As shown in FIG. 1E, the RAN 105 may include base stations 180a, 180b, 180c and ASN gateway 182, but it should be understood that the RAN 105 may include any number of base stations and ASN gateways while remaining consistent with the embodiments. Each of the base stations 180a, 180b, 180c can be associated with a particular cell (not shown) in the RAN 105, and each can include one or more transceivers for communicating with the WTRU 102a over the null plane 117. , 102b, 102c communication. In one embodiment, base stations 180a, 180b, 180c may implement MIMO technology. Thus, base station 180a, for example, may use multiple antennas to transmit wireless signals to, and receive wireless signals from, WTRU 120a. Base stations 180a, 180b, 180c may also provide mobility management functions such as handover triggering, tunnel establishment, radio resource management, traffic classification, quality of service (QoS) policy enforcement, and the like. The ASN gateway 182 can act as a traffic aggregation point and can be responsible for paging, subscriber document caching, routing to the core network 109, and the like.

The null interfacing plane 117 between the WTRUs 102a, 102b, 102c and the RAN 105 may be defined as an Rl reference point that implements the IEEE 802.16 specification. In addition, each of the WTRUs 102a, 102b, 102c can establish a logical interface (not shown) with the core network 109. The logical interface between the WTRUs 102a, 102b, 102c and the core network 109 can be defined as an R2 reference point that can be used for authentication, authorization, IP host configuration management, and/or mobility management.

The communication link between each of the base stations 180a, 180b, 180c may be defined as an R8 reference point that includes an agreement to facilitate data transfer between the WTRU and the base station. The communication link between the base stations 180a, 180b, 180c and the ASN gateway 182 can be defined as an R6 reference point. The R6 reference point may include an agreement to facilitate mobility management based on mobility events associated with each of the WTRUs 102a, 102b, 102c.

As shown in FIG. 1E, the RAN 105 can be connected to the core network 109. RAN 105 The communication link with the core network 109 can be defined to include an R3 reference point that facilitates protocols such as data transfer and mobility management capabilities. The core network 109 may include a Mobile IP Home Agent (MIP-HA) 184, an Authentication, Authorization, Accounting (AAA) server 186, and a gateway 188. While each of the foregoing elements are described as being part of the core network 109, it should be understood that any of these elements may be owned and/or operated by entities other than the core network operator.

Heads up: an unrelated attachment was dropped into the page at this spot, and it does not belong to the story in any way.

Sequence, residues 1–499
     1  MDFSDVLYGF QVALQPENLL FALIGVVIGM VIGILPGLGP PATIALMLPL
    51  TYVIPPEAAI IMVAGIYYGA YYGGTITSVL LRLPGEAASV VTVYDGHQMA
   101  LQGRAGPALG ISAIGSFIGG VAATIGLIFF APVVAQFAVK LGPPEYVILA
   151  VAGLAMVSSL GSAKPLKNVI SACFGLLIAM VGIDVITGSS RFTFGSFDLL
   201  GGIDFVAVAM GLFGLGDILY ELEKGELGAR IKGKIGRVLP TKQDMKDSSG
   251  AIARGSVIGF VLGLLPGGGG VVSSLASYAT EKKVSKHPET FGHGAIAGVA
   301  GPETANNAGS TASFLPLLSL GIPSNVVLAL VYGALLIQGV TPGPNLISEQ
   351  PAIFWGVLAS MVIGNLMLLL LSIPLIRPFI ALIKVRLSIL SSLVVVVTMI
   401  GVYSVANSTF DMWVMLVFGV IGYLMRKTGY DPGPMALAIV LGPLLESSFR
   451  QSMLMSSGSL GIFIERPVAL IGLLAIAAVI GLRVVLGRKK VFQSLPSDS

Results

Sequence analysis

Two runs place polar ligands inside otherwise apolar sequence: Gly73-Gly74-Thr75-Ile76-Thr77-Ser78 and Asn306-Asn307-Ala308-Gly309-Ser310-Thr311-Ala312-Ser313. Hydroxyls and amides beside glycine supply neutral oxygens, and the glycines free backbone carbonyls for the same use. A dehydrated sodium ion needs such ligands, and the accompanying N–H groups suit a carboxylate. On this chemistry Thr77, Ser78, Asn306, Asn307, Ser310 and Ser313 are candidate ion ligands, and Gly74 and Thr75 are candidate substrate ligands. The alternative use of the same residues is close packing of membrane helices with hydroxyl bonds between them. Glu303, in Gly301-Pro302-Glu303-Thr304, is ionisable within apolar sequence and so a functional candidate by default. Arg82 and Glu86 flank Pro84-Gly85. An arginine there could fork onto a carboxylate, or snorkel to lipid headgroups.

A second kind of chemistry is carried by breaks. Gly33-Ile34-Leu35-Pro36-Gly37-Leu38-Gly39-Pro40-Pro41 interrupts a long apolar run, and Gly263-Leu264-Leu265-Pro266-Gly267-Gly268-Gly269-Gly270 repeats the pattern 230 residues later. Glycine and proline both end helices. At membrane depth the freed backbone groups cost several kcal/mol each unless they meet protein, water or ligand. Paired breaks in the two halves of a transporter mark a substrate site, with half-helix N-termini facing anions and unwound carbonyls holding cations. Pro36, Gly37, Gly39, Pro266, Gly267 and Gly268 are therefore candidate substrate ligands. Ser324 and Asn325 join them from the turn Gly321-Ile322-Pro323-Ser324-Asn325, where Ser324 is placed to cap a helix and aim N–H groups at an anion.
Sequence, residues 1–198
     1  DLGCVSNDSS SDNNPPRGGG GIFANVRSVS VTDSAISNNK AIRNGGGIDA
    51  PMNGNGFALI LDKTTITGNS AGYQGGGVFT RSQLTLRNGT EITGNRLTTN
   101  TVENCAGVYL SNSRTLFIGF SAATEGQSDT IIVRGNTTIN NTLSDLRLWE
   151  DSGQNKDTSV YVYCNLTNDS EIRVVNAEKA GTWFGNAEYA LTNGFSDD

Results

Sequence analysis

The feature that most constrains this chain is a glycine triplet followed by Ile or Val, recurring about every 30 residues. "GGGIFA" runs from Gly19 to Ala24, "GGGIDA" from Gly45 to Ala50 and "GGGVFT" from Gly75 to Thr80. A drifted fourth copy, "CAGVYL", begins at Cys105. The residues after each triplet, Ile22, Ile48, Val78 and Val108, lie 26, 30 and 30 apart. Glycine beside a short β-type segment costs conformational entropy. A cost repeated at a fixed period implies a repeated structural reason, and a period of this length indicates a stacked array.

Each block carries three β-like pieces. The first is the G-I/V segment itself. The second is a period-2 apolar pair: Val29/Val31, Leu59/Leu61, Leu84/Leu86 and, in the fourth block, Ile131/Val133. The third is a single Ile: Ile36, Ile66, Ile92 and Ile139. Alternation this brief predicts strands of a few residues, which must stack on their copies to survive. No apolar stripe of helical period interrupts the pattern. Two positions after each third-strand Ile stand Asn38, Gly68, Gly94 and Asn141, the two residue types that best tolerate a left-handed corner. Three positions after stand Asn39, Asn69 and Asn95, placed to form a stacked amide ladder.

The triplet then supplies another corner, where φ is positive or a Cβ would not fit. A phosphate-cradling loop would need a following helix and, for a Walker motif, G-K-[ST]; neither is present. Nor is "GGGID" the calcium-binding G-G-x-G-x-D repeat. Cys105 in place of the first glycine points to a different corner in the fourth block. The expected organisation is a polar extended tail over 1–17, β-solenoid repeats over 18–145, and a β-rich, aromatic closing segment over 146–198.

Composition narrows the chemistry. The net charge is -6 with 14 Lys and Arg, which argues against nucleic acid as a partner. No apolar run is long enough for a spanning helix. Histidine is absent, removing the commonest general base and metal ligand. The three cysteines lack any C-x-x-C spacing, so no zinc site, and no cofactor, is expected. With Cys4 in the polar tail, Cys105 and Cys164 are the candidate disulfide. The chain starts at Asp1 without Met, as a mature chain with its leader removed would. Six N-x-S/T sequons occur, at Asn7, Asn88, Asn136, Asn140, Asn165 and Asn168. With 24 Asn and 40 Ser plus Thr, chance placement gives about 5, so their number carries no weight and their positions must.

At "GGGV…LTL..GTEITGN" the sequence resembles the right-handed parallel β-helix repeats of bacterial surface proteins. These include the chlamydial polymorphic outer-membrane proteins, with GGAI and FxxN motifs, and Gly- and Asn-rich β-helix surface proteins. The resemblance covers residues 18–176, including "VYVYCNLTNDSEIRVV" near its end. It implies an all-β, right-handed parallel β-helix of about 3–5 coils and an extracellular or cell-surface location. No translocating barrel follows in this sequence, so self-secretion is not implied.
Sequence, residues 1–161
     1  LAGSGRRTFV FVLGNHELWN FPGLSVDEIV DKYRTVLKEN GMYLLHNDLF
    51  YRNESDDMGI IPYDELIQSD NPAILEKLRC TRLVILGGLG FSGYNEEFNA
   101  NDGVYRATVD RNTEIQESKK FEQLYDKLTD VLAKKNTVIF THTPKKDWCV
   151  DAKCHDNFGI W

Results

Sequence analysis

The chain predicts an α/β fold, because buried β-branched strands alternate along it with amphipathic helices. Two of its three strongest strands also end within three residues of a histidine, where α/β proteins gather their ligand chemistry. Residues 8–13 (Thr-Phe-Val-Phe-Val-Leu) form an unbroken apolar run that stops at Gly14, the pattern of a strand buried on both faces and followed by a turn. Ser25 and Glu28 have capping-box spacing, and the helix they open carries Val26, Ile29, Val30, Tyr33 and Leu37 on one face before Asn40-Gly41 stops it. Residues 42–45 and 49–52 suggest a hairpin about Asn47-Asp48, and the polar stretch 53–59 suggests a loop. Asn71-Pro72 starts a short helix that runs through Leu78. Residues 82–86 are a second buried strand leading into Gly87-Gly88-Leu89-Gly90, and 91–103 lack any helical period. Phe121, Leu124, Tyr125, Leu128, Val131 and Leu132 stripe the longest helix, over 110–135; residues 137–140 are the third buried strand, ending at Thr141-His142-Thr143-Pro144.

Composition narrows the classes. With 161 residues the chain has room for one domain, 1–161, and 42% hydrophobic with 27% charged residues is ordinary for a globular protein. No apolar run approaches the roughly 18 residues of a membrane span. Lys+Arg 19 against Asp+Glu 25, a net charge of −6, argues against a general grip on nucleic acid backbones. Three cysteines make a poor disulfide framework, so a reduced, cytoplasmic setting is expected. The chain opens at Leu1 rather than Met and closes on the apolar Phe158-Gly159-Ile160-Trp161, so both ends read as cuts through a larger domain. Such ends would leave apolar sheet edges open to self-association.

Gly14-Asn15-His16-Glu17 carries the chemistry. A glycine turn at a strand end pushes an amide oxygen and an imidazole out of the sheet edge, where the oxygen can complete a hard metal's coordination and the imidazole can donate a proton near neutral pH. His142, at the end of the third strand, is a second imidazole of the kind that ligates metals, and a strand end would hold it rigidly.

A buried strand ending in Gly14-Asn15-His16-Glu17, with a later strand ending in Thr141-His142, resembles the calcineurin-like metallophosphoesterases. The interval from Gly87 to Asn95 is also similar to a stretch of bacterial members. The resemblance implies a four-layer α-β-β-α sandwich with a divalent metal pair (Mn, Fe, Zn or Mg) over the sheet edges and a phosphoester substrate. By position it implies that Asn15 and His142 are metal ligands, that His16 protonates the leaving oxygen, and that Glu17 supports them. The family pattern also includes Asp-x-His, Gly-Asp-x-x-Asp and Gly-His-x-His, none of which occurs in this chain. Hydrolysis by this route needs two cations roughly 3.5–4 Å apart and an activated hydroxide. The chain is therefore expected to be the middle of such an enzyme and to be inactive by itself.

The MIP-HA may be responsible for IP address management and may enable the WTRUs 102a, 102b, 102c to roam between different ASNs and/or different core networks. The MIP-HA 184 may provide the WTRUs 102a, 102b, 102c with access to a packet switched network (e.g., the Internet 110) to facilitate communications between the WTRUs 102a, 102b, 102c and IP enabled devices. The AAA server 186 can be responsible for user authentication and support for user services. Gateway 188 can facilitate interworking with other networks. For example, gateway 188 can provide WTRUs 102a, 102b, 102c with access to a circuit-switched network (e.g., PSTN 108) to facilitate communications between WTRUs 102a, 102b, 102c and conventional landline communication devices. In addition, gateway 188 can provide WTRUs 102a, 102b, 102c with access to network 112, which can include other wired or wireless networks that are owned and/or operated by other service providers.

Although not shown in FIG. 1E, it should be understood that the RAN 105 can be connected to other ASNs, and the core network 109 can be connected to other core networks. The communication link between the RAN 105 and other ASNs may be defined as an R4 reference point, which may include a protocol for coordinating the mobility of the WTRUs 102a, 102b, 102c between the RAN 105 and other ASNs. The communication link between the core network 109 and other core networks may be defined as an R5 reference, which may include protocols that facilitate interworking between the local core network and the access core network.